Wal-Mart Stores Inc. (WMT:US) Chief Executive Officer Mike Duke knew about allegations of bribery in the retailer’s operations in Mexico in 2005, two U.S. Congressmen said.
Democratic Representatives Henry Waxman of California and Elijah Cummings of Maryland said today in a statement that documents obtained by their staffs show that Duke and senior Wal-Mart officials were informed about allegations of corruption regarding a store in Teotihuacan.
Wal-Mart, the world’s largest retailer, is investigating allegations that executives in Mexico paid more than $24 million in bribes to speed the retailer’s expansion there. The company also is the subject of a U.S. Justice Department criminal investigation, a person familiar with the probe has said.
The congressmen’s letter contains no new information, Brooke Buchanan, a Wal-Mart spokeswoman, said in an e-mailed statement.
“This information has been part of the company’s ongoing investigation of potential violations of the U.S. Foreign Corrupt Practices Act for more than a year and has been the subject of two New York Times articles,” she said.
Wal-Mart fell 0.3 percent to $68.36 at the close in New York. The shares (WMT:US) gained 14 percent last year, compared with a 7.5 percent gain for the Standard & Poor’s 500 Consumer Staples Index.
The e-mails contradict the company’s earlier statements that senior executives had no knowledge of the bribery allegations involving the Teotihuacan store, Cummings and Waxman said in a statement.
“It would be a serious matter if the CEO of one of our nation’s largest companies failed to address allegations of a bribery scheme,” Cummings and Waxman wrote in a letter to Duke dated today.
Maritza Munich, then general counsel of Wal-Mart International, e-mailed Duke and other senior Wal-Mart officials in November 2005 about specific bribes paid for permits and accelerated openings for stores in Teotihuacan and other locations, according to the correspondence released by the congressmen.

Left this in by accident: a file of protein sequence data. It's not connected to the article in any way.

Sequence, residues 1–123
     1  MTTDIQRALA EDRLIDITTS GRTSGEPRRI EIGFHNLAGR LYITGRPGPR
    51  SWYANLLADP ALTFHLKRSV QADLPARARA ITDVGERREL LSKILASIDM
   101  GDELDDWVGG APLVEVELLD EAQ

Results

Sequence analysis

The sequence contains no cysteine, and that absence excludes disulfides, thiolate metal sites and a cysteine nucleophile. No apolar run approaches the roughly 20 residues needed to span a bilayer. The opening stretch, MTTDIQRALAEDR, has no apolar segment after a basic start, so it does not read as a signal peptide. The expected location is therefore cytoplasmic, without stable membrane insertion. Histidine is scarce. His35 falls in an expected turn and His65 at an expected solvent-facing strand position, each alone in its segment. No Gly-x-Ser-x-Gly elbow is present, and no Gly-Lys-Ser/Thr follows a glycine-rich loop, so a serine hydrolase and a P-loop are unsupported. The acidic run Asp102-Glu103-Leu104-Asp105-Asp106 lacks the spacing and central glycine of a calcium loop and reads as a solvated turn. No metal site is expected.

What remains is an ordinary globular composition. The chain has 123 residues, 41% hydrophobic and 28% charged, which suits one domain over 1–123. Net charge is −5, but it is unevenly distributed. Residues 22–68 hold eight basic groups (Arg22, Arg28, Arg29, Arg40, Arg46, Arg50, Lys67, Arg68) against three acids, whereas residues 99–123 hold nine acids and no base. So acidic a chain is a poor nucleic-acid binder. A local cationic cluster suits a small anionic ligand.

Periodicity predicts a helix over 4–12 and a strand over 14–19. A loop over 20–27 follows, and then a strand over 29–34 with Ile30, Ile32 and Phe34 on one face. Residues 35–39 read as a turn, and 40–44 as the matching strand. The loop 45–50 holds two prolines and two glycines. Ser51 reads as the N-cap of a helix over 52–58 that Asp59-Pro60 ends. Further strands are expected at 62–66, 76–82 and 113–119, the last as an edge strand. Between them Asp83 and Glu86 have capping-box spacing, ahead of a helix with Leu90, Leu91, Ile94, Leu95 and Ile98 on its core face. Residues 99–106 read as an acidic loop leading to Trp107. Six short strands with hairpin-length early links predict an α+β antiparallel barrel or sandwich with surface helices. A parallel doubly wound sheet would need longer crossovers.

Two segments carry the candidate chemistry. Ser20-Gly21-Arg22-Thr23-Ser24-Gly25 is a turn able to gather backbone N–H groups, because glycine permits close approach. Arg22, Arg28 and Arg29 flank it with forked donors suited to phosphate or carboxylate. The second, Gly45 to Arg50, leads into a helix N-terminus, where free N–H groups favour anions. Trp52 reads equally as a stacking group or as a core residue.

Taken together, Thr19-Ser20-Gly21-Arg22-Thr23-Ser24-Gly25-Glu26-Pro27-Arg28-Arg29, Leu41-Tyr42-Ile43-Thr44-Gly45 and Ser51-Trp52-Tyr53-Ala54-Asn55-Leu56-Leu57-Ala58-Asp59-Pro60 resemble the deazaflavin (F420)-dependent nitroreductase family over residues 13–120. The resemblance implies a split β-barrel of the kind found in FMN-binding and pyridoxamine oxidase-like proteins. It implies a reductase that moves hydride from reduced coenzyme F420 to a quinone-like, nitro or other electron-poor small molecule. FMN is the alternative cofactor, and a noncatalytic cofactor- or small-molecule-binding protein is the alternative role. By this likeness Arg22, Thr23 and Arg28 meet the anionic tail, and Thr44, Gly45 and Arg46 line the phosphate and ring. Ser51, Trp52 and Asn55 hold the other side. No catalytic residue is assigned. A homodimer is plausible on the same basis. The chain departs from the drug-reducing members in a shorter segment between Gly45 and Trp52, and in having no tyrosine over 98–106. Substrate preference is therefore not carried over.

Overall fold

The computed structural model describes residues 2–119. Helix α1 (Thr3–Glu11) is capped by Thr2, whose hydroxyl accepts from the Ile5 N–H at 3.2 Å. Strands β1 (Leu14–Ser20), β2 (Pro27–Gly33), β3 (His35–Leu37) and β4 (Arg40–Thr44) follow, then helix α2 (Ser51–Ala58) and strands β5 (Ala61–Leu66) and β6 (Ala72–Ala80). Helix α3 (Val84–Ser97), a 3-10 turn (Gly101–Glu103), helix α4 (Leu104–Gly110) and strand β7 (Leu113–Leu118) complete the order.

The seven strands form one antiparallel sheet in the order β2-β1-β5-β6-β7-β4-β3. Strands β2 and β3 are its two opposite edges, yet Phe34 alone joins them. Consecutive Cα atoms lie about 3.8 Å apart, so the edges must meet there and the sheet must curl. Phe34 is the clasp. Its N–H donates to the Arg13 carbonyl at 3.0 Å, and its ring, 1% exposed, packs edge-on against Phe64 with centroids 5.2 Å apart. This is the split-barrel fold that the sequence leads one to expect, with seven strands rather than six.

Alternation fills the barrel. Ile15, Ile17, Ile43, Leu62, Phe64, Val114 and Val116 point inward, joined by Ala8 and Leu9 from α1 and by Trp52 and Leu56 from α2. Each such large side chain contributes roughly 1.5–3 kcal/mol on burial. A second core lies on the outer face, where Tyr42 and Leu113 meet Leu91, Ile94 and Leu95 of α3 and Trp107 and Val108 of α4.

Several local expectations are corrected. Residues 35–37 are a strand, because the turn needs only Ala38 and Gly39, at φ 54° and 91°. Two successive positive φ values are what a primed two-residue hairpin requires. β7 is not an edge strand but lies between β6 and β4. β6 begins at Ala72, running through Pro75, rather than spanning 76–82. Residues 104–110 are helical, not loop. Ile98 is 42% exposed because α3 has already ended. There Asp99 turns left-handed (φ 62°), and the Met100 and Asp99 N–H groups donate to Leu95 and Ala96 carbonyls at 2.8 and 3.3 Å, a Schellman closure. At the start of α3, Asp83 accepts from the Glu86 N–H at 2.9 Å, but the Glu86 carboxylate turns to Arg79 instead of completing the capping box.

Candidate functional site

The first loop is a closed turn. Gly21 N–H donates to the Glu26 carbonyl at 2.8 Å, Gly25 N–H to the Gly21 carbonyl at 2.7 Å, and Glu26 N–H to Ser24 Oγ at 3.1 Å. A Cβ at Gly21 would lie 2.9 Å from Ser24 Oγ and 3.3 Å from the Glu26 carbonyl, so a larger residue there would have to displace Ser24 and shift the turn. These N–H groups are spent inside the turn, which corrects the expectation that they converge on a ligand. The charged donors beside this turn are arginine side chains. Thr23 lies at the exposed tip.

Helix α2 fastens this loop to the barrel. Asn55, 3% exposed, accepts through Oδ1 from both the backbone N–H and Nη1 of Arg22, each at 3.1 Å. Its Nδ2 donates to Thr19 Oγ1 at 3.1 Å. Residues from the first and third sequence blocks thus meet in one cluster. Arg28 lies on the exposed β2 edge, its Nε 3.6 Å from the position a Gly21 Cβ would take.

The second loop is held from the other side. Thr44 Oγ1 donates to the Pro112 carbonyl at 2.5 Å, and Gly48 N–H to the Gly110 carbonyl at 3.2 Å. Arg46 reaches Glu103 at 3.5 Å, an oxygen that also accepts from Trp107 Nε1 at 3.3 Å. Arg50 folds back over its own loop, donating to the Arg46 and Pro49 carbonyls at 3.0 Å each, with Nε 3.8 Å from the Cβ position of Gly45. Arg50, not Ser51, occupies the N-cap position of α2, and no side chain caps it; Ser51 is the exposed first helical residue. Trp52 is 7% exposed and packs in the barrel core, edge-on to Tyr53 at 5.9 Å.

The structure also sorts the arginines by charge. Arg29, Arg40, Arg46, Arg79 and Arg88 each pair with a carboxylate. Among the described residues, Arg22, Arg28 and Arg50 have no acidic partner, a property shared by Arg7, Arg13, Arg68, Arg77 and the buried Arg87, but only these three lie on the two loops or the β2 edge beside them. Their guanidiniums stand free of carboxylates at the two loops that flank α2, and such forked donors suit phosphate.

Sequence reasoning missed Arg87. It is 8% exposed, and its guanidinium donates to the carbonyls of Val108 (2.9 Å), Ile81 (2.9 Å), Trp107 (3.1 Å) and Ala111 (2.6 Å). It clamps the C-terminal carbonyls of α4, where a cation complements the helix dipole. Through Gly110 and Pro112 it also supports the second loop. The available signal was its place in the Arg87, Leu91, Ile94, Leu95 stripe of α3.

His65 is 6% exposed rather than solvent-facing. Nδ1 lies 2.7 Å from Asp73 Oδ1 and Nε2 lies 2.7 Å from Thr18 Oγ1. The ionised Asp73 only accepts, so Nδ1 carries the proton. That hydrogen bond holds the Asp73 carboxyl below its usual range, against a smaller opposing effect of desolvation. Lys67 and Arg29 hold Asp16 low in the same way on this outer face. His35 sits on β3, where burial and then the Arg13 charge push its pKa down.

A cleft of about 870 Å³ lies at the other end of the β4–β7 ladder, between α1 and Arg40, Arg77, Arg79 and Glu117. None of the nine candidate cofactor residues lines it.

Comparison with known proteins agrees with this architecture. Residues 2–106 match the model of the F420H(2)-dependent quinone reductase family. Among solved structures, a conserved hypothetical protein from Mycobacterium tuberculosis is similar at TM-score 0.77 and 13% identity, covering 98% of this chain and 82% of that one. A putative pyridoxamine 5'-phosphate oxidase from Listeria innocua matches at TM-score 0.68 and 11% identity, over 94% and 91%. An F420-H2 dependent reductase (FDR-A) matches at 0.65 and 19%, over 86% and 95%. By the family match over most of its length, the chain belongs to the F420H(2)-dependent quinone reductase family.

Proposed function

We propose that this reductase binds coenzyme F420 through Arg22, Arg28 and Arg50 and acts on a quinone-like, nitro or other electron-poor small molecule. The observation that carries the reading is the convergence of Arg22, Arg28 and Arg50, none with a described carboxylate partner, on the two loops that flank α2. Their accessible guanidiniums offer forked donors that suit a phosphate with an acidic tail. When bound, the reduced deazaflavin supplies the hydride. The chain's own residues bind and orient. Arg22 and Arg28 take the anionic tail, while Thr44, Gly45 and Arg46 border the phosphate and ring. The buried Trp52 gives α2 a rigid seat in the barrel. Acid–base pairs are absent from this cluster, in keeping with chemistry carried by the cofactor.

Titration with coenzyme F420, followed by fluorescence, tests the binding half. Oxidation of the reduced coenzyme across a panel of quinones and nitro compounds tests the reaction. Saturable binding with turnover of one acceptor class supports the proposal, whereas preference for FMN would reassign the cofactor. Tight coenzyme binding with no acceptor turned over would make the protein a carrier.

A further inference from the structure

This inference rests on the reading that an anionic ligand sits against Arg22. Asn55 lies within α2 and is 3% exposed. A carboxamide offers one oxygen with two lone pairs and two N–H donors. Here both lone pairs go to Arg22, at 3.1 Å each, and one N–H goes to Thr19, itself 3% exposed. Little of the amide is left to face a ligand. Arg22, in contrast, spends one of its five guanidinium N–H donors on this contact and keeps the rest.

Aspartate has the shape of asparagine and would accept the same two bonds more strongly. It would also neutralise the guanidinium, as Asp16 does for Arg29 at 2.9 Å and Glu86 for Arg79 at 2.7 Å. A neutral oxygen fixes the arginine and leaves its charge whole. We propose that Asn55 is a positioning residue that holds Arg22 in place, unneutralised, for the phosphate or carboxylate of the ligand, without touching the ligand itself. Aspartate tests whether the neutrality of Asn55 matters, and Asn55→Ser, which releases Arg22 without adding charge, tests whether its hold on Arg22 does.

Wal-Mart hasn’t disputed the authenticity of the documents.
Buchanan said in the statement that the letter from the congressmen “leaves the wrong impression that our public statements are contradicted by the information they released today.” She said earlier statements denying knowledge of the accusations “focused on events in 2004” and not the e-mails in question.
“We are committed to having a strong and effective global anti-corruption program everywhere we operate and taking appropriate action for any instance of non-compliance,” Buchanan, the Wal-Mart spokeswoman, said in the statement.
The congressmen also said in their letter that the e-mails “cast a new and unfavorable light on Wal-Mart’s continued unwillingness to provide our investigators with access to Ms. Munich, who appears to be a key witness who would know about your knowledge of the Teotihuacan bribes.”
Wal-Mart attorneys told the members in June that they were “working through a protocol” that would allow Munich to speak to government investigators, according to the letter. They have received no additional information since then, the letter says.
“This ongoing delay frustrates our investigation,” Cummings and Waxman wrote.
The company is “exploring ways to make additional information available,” Buchanan said.
“We have provided extensive documentation to the Department of Justice and the Securities and Exchange Commission, including the documents released today, as part of our ongoing cooperation with the appropriate law enforcement agencies on this matter,” Buchanan said. “We want to provide Members of Congress with whatever appropriate information we can to help them and we have already provided committee staff with multiple briefings.”
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